Microsoft is upping its A.I. battle with Salesforce

  • Microsoft has been incorporating A.I. features in its Dynamics customer service products.
  • Microsoft won't be doing high-touch engagements to help businesses boost customer service with artificial intelligence.
  • Instead, a ready-made piece of software is coming this fall.
Satya Nadella, chief executive officer of Microsoft
Getty Images
Satya Nadella, chief executive officer of Microsoft

Microsoft on Tuesday announced new easy-to-use cloud services that draw on artificial intelligence to help with certain kinds of work -- namely customer service and marketing.

The move could help Microsoft's Dynamics cloud business software become more competitive with Salesforce, which has begun offering premium AI features for its services. Amazon, Google and other companies are also making strides in these two areas.

Microsoft introduced Dynamics 365 AI for Customer Service and Dynamics 365 AI for Market Insights at an event in San Francisco. The former will highlight existing and emerging issues that agents face and help with the deployment of chatbots that can handle inquiries. The latter is meant to help marketers see what people are talking about on channels like social networks.

Earlier this year Microsoft introduced Dynamics 365 AI for Sales, which can provide deliver insights about individual salespeople and deals logged in Microsoft's Dynamics 365 sales relationship-tracking service. It can even display information about sales opportunities reported in Salesforce's Sales Cloud tool, or comparable systems from Oracle and SAP.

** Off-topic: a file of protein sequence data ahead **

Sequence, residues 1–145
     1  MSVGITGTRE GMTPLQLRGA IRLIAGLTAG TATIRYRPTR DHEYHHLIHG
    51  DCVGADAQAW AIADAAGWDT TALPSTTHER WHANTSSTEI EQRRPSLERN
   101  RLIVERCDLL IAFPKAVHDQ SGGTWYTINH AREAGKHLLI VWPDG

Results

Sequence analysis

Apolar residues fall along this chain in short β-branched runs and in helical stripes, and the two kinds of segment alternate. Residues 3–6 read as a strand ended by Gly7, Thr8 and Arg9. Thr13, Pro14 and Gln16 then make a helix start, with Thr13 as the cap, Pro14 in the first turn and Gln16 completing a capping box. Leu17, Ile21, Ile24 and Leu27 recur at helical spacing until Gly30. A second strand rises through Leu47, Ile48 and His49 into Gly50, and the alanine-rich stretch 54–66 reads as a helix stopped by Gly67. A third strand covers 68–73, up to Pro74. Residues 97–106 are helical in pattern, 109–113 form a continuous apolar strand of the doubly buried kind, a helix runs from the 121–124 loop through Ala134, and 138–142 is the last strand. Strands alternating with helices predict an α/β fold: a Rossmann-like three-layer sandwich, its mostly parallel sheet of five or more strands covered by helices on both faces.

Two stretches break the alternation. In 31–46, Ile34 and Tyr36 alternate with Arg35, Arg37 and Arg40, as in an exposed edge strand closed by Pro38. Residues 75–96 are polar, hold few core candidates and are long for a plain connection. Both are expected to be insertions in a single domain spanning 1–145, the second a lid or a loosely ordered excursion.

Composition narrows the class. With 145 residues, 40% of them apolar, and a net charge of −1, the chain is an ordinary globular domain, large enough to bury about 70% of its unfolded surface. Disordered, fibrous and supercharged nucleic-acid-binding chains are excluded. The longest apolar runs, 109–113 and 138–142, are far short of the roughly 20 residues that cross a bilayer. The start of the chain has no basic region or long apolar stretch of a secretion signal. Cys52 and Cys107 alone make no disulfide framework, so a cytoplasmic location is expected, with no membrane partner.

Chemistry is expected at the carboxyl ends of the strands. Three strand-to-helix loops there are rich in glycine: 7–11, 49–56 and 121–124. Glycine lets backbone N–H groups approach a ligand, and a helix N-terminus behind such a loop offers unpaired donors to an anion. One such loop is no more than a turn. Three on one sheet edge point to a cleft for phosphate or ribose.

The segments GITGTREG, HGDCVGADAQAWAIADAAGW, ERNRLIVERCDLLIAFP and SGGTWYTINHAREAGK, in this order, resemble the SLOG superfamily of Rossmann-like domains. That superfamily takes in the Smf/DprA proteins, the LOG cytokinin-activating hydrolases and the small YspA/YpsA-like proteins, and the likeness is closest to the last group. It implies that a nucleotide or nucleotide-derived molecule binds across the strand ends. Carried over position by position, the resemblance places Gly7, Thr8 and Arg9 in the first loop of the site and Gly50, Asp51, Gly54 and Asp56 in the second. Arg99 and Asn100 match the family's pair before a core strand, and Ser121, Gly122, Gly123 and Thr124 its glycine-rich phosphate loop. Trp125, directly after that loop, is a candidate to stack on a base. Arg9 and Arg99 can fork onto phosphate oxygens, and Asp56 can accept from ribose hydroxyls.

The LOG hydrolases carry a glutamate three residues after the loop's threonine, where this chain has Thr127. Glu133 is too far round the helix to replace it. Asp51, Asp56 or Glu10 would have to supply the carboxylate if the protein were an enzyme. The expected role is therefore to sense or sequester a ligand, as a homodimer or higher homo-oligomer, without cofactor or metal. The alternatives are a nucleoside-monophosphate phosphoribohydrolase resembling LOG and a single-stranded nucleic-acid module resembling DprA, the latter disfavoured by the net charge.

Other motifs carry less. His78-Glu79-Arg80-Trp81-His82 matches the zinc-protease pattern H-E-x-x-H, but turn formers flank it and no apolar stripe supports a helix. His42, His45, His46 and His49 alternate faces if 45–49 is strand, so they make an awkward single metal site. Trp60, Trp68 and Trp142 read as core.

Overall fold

Salesforce's Einstein add-on provides its own suggestions based on information in Sales Cloud, and Einstein enhancements are also available for Salesforce's marketing and customer-service products. Microsoft's AI tools for marketing, customer service and sales will become available to customers in preview this fall.

Cutting back on high-touch engagements

Last year, Microsoft talked about how it worked closely with a handful of customers, like HP and Macy's, to build sophisticated domain-specific customer-service technology. Every PC that HP shipped even came with the resulting chatbot as part of HP's Support Assistant software.

But Microsoft won't be doing these sorts of high-touch AI engagements with customers for the foreseeable future, says Alysa Taylor, corporate vice president for business applications and global industry.

"When we think about those multi-year big contracts, when you're in-house servicing, we do that through partnerships with global ... as well as national and local system integrators," Taylor told CNBC in an interview.

Put another way, Microsoft will leave these big projects to its army of partners.

Microsoft effectively started and nurtured the program in its research group and turned it over this summer to Taylor's group, which developed a packaged-up product that's easier for customers to start using on their own. "We don't have enough engineers in our research team to serve every organization on the planet," she said.

"That was the design plan from day one," Taylor said.

Last year Microsoft added a reference to AI to its corporate vision. At this point, Microsoft is looking to help every company become AI-first, Taylor said.